- Charles Delorme & David Kamerschen & Lisa Ford Voeks, 2001. "Consumer confidence and rational expectations in the United States compared with the United Kingdom," Applied Economics, Taylor and Francis Journals, vol. 33(7), pages 863-869.
- Lemmens, Aurélie & Croux, Christophe & Dekimpe, Marnik, 2005. "On the predictive content of production surveys: A pan-European study," Open Access publications from Katholieke Universiteit Leuven urn:hdl:123456789/101089, Katholieke Universiteit Leuven.
- Johansen, Soren, 1995. "Likelihood-Based Inference in Cointegrated Vector Autoregressive Models," OUP Catalogue, Oxford University Press, number 9780198774501, September.
- Qiao, Zhuo & McAleer, Michael & Wong, Wing-Keung, 2009. "Linear and nonlinear causality between changes in consumption and consumer attitudes," Economics Letters, Elsevier, vol. 102(3), pages 161-164, March.
- Lux, Thomas, 2009.
"Rational forecasts or social opinion dynamics? Identification of interaction effects in a business climate survey,"
Journal of Economic Behavior & Organization,
Elsevier, vol. 72(2), pages 638-655, November.
- Lux, Thomas, 2008. "Rational forecasts or social opinion dynamics? Identification of interaction effects in a business climate survey," Economics Working Papers 2008,07, Christian-Albrechts-University of Kiel, Department of Economics.
- Thomas Lux, 2008. "Rational Forecasts or Social Opinion Dynamics? Identification of Interaction Effects in a Business Climate Survey," Kiel Working Papers 1424, Kiel Institute for the World Economy.
- Thomas Lux, 2007. "Rational Forecasts or Social Opinion Dynamics? Identification of Interaction Effects in a Business Climate Survey," Working Papers wp07-11, Warwick Business School, Financial Econometrics Research Centre.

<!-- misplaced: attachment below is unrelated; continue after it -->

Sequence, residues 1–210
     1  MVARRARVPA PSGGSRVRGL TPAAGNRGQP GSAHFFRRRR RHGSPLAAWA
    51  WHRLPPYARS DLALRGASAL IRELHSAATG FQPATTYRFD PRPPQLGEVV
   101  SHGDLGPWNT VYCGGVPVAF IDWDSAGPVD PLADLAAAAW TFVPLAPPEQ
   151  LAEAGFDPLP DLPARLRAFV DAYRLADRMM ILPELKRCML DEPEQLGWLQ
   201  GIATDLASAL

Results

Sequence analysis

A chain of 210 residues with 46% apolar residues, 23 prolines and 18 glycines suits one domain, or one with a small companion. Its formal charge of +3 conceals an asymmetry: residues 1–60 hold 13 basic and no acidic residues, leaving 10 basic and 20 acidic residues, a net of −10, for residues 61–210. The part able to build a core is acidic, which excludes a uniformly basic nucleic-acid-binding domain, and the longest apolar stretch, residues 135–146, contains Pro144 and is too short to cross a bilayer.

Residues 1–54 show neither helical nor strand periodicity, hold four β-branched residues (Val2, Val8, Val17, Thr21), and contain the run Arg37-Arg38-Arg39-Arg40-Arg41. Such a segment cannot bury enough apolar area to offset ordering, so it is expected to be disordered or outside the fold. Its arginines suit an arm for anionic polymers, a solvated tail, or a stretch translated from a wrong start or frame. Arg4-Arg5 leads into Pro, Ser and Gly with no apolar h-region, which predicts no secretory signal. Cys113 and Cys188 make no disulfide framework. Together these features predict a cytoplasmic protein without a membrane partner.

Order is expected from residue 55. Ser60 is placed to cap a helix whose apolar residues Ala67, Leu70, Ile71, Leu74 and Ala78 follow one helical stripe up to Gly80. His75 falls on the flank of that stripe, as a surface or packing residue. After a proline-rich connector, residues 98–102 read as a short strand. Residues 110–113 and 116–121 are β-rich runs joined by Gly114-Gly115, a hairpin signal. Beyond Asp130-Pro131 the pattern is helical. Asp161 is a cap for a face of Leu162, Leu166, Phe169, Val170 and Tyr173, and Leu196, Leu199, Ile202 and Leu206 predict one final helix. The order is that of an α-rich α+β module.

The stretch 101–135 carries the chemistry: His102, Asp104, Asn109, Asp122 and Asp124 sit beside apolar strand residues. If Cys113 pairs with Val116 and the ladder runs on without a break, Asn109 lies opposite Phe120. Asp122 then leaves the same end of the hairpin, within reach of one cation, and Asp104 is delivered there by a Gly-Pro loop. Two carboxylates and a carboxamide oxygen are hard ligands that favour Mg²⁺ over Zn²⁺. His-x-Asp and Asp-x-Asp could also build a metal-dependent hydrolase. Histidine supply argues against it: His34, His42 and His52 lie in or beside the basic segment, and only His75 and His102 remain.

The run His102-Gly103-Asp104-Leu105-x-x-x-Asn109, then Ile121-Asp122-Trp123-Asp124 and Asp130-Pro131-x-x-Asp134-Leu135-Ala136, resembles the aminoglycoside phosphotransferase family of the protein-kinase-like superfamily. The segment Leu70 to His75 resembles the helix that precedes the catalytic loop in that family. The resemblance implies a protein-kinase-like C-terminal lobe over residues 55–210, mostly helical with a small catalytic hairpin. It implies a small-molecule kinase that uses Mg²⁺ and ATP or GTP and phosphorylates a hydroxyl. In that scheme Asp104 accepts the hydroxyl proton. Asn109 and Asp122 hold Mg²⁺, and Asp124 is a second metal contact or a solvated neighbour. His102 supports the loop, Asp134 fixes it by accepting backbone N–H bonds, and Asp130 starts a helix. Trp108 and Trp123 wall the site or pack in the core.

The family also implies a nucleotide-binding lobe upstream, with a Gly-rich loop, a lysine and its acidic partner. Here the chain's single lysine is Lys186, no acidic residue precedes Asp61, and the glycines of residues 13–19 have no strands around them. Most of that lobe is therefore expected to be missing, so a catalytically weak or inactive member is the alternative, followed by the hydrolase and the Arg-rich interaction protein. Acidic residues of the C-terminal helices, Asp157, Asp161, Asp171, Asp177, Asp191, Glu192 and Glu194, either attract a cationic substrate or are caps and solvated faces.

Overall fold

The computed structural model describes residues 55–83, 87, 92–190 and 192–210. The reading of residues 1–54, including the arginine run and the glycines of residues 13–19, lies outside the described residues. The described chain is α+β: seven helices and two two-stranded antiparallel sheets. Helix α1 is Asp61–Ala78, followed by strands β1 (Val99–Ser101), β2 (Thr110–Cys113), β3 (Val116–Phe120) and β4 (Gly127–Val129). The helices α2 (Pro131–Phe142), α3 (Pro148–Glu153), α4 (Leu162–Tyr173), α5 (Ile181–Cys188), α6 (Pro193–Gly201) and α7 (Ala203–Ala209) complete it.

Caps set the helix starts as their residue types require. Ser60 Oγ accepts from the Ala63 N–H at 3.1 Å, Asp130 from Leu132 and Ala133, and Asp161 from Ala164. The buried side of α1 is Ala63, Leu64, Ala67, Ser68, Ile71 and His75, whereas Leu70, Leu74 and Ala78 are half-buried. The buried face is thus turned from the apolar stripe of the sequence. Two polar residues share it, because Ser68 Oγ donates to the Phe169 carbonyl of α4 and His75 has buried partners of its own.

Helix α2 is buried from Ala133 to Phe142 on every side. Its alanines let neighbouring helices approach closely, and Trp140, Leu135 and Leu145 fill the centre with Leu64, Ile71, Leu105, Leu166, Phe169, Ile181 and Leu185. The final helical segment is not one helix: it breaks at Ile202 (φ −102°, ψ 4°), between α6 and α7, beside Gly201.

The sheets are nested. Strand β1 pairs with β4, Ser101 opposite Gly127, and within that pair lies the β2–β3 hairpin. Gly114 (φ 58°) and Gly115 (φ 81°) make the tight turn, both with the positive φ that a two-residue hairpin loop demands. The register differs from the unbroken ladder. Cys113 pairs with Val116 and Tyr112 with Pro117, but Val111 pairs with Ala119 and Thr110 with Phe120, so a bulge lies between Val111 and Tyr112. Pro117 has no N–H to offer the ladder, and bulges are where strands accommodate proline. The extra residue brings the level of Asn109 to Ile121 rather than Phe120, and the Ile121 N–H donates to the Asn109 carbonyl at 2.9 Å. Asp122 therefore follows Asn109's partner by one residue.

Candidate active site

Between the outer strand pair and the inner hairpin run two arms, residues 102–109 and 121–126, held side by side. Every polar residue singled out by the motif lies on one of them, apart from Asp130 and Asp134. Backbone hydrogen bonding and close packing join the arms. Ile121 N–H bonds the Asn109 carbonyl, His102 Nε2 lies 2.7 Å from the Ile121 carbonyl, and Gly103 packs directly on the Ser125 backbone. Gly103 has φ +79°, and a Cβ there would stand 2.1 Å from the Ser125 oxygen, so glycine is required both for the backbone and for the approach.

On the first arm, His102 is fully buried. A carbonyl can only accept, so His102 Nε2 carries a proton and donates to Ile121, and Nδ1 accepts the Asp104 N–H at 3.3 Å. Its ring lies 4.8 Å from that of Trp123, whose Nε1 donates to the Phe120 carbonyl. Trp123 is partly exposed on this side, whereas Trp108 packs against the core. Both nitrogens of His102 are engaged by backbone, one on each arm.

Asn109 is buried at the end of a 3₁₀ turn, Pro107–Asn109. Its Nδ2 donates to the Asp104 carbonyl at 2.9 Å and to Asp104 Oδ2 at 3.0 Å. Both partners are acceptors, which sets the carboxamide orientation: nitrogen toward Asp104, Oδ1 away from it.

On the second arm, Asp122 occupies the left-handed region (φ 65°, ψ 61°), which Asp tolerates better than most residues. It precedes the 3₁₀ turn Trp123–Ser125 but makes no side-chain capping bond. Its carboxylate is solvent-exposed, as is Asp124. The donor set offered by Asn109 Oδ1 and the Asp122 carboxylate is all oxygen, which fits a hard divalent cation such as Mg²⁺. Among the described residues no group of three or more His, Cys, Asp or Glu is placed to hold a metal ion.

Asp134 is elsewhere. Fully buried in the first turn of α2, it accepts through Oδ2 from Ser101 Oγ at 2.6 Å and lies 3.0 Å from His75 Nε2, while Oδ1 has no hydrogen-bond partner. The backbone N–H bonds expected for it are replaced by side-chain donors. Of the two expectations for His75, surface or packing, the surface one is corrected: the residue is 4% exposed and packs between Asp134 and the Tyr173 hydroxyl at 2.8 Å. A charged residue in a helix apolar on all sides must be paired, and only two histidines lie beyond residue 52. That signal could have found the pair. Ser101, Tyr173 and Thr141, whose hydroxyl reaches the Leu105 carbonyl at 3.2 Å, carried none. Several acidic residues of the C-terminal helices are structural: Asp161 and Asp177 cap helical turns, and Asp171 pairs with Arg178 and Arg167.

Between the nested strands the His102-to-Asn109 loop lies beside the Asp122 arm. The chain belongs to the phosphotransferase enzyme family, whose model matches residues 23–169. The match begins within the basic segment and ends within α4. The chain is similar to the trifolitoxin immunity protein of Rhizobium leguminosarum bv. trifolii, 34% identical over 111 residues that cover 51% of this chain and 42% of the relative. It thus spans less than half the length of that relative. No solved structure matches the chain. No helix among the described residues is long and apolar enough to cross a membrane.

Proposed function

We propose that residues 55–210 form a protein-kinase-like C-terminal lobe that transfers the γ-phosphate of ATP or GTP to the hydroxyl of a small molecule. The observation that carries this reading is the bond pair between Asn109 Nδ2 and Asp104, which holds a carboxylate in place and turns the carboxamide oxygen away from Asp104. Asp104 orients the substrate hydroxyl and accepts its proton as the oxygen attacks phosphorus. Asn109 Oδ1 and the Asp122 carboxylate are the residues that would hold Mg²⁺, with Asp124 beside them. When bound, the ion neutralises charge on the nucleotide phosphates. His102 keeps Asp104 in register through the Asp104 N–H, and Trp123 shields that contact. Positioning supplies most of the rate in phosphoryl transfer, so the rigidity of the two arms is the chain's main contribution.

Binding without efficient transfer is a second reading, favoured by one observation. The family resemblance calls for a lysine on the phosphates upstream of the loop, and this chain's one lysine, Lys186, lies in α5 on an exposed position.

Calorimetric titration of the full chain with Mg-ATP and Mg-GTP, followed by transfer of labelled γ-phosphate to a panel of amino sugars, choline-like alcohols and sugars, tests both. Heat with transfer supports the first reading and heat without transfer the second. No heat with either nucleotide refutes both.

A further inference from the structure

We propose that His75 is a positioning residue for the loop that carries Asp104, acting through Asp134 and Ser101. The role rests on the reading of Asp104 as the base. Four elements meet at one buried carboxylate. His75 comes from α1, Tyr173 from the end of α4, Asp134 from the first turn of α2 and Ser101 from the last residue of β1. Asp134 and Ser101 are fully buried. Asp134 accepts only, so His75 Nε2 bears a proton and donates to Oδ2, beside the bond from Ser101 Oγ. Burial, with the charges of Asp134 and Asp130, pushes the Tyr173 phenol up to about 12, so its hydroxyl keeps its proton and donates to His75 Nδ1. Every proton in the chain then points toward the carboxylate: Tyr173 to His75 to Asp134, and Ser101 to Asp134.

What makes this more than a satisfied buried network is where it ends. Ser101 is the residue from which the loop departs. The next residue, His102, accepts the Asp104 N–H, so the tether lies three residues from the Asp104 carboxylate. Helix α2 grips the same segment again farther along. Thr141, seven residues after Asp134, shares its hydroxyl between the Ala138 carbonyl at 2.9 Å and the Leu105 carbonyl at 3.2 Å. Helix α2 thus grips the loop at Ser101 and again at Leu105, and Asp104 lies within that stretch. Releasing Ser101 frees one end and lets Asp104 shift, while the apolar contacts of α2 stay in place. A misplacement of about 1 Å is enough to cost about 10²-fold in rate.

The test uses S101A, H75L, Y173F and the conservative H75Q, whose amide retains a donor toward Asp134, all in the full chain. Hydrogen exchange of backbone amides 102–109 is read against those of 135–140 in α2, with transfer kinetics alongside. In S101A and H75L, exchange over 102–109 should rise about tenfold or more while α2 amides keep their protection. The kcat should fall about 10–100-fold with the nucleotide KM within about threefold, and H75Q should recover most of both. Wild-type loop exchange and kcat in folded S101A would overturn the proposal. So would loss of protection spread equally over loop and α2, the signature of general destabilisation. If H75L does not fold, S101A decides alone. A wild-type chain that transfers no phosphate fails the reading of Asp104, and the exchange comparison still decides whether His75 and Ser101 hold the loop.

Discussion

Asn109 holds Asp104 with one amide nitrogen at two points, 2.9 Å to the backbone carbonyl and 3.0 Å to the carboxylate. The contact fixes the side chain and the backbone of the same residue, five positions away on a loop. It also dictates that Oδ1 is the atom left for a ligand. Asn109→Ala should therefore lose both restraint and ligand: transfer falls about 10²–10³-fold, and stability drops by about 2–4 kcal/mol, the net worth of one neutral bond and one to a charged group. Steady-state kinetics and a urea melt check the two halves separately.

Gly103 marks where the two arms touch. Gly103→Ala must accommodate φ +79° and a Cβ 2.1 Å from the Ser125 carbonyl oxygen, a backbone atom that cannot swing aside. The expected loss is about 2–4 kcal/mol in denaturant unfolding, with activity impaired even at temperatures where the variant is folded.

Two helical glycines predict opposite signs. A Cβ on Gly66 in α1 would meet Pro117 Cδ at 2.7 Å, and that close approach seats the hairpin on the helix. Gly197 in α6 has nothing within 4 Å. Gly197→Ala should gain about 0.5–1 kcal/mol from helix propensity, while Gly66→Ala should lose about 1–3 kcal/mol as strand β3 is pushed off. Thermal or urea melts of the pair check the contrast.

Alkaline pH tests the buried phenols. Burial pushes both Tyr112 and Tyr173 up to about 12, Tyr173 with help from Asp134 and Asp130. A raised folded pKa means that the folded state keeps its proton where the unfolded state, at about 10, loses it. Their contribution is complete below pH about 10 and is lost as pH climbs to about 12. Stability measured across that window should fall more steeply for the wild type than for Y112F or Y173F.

- Douglas Lamdin, 2008. "Does Consumer Sentiment Foretell Revolving Credit Use?," Journal of Family and Economic Issues, Springer, vol. 29(2), pages 279-288, June.
- Dudek, Sławomir, 2008. "Consumer Survey Data and short-term forecasting of households consumption expenditures in Poland," MPRA Paper 19818, University Library of Munich, Germany.
For technical questions regarding this item, or to correct its authors, title, abstract, bibliographic or download information, contact: (Michael McNulty).
If you have authored this item and are not yet registered with RePEc, we encourage you to do it here. This allows to link your profile to this item. It also allows you to accept potential citations to this item that we are uncertain about.
If references are entirely missing, you can add them using this form.
If the full references list an item that is present in RePEc, but the system did not link to it, you can help with this form.
If you know of missing items citing this one, you can help us creating those links by adding the relevant references in the same way as above, for each refering item. If you are a registered author of this item, you may also want to check the "citations" tab in your profile, as there may be some citations waiting for confirmation.
Please note that corrections may take a couple of weeks to filter through the various RePEc services.